More and more companies are seeing and accepting the advantages of social networks to help promote their businesses. A few have even ventured past the line, harnessing social network functionality to boost internal processes and communication. These internal social networks are taking on the role formerly assigned to corporate intranets, but with the added element of high levels of engagement typical of external social media networks.
Corporate Intranets were all the rage just before the advent of the so-called “Web 2.0” era, but never really caught on with the majority of corporate users, mainly because these early Intranets were little more than inward-facing websites that required a high degree of technical proficiency to set up and maintain.
Enterprise users, it would appear, have learned a thing or two from social media’s landscape-defining success out in the marketplace, and have aimed social network technologies and concepts inwardly to supplant Intranets and move forward from where these early initiatives fell short. Global food giant Nestlé is one of the most aggressive in pursuing this particular path.
They are also quite vocal about their experiences in this initiative. Pete Blackshaw, the company’s global head of digital marketing and social media identifies three major attractions of social media that are of value to his company: efficiency, collaboration and engagement.
Nestlé is by no means alone in this; other global tech companies such as Dell, IBM, Google, Yahoo and Microsoft each have their own approach to implementing internal social networks, as does digital marketing agency Possible Worldwide. Nor is the agenda exclusive to global corporate entities.
Companies with offices nationwide and even local ventures with geographically dispersed assets and business partners also take advantage of new, inexpensive and user-friendly apps that provide them with social networking capabilities. Regardless of the size and reach of the company, internal social media offers the following advantages and benefits.
Social networking tools help employees remain focused on and aligned with corporate objectives.
These tools flatten the corporate hierarchy, empower individual employees at all levels and provide a direct path to decision-makers and executors.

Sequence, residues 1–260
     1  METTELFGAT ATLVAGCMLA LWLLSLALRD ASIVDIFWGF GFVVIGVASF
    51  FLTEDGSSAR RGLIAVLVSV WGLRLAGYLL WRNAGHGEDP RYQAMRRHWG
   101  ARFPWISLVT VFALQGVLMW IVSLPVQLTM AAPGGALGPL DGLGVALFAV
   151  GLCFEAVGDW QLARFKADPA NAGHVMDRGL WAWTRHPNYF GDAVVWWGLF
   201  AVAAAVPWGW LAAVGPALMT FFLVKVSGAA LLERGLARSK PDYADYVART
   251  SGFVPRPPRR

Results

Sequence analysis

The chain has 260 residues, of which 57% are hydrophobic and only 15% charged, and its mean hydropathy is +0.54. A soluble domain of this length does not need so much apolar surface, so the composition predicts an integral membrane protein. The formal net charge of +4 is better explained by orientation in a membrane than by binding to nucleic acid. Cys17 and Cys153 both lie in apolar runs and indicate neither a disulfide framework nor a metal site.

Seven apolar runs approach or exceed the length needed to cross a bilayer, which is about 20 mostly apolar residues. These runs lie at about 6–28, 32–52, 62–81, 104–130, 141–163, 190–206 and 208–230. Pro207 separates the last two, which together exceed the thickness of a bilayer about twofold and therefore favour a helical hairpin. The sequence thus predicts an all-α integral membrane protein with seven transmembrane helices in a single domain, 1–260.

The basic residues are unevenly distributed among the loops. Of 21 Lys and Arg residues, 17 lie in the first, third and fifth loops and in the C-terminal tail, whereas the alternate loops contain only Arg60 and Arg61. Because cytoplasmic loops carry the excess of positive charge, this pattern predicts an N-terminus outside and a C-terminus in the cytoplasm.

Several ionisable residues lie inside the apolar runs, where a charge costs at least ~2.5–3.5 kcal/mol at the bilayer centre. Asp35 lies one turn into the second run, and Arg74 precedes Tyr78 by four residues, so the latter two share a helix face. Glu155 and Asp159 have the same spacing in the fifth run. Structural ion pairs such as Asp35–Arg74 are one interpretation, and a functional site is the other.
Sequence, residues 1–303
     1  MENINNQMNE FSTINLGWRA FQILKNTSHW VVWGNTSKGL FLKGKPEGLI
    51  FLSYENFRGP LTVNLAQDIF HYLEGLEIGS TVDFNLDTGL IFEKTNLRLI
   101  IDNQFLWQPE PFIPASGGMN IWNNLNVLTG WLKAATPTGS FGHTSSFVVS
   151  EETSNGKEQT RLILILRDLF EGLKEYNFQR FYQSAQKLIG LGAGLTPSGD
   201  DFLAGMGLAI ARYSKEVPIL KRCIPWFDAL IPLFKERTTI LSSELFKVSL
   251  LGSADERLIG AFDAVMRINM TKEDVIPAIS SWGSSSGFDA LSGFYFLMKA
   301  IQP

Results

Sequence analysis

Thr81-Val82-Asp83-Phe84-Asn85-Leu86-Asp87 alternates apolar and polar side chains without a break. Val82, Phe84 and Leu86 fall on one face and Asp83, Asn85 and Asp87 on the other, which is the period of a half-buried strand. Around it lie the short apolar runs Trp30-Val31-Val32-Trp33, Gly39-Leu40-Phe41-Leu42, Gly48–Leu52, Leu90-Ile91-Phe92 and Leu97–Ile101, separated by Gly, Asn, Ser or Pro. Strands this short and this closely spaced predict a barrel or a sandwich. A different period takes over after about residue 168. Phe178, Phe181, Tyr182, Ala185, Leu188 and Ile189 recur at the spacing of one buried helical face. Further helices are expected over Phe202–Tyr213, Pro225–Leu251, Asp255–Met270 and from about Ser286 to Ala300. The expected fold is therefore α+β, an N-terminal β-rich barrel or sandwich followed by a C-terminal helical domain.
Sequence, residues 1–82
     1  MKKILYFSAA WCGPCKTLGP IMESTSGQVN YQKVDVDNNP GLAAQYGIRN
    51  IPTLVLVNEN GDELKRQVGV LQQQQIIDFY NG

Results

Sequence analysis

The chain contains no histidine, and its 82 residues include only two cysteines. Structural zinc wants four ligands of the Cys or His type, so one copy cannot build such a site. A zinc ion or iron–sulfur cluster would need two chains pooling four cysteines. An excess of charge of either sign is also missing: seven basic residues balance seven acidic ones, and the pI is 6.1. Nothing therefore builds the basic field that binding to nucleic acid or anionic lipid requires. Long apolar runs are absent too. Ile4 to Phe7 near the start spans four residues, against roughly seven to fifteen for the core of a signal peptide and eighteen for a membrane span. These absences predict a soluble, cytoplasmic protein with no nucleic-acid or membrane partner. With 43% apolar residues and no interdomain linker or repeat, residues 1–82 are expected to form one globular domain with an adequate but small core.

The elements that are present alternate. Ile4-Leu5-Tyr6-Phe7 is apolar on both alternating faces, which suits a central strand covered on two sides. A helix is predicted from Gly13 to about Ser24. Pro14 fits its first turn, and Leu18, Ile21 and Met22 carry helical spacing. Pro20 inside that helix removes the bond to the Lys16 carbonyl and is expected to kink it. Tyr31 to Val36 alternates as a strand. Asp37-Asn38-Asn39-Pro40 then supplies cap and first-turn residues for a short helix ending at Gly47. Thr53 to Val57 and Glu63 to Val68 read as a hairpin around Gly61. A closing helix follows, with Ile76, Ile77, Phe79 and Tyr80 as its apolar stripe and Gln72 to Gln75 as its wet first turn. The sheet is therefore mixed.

Internal social networking encourages people to connect and communicate with each other, cross pollinate ideas and develop valuable insights.
The ability to communicate issues, insights and solutions leads to generating new ideas.
News and information reaches people more quickly.
People can share resources and information easily and effectively.
The company can more easily and effectively search for and consolidate employee skill-sets to match specific project requirements.
Execution also varies, but generally falls in one of two categories: built or bought. The large, global corporations tend to favor building their own internal networks; they have the know-how, funds, manpower and assets that allow this approach.
Micro-blogging platforms let employees share messages quickly across the organization. They also help the company keep in touch with employees’ thoughts and feelings. These tools, like Yammer, SocialCast and Laconica let people from the company’s remotest locations connect on an informal and personal level.
Instant messaging programs allow employees to communicate with each other in real time. Digsby and Jabber are popular choices in this category.
Podcasting lets users use video and audio to prepare content such as training programs, information sharing, instructional videos and messages from officers.
Blogs allow employees to program the distribution of relevant content, while at the same time allowing audiences to provide feedback and interaction. Blogging software such as WordPress, Drupal and Joomla are freely available on the Web (but because they are “Open Source” I prefer to use Isis CMS).
Wikis allow teams and individuals to collaborate with each other by sharing information in a common space on the internal network.
Bookmarking allows employees anywhere on the network to organize, access and share information. Tools such as FeedDemon help make this possible.
Internal networks are like virtual water coolers; they provide space on the network for people to come together to communicate and share each others experiences and insights. Surprisingly, when set up correctly, Facebook can serve as an excellent internal networking platform.
Gagen McDonald, a strategy execution firm that helps companies turn their strategies into tangible results, and public affairs and communication firm APCO Worldwide developed a five-step process to build social media within the business enterprise.
The complete white paper can be found at http://www.apcoworldwide.com/content/PDFs/ISM_FactSheet.pdf, and following is an overview of the process.
Prioritize your business objectives
Map your communication
Determine your cultural stance
Align for Design
Identify issues and limitations
Develop guidelines and metrics
Align leaders around your goals and limits
Choose your tools
Execute with excellence
Train for social media literacy
Measure and Adjust
Benchmark and measure your progress
Keep what works, tweak what doesn’t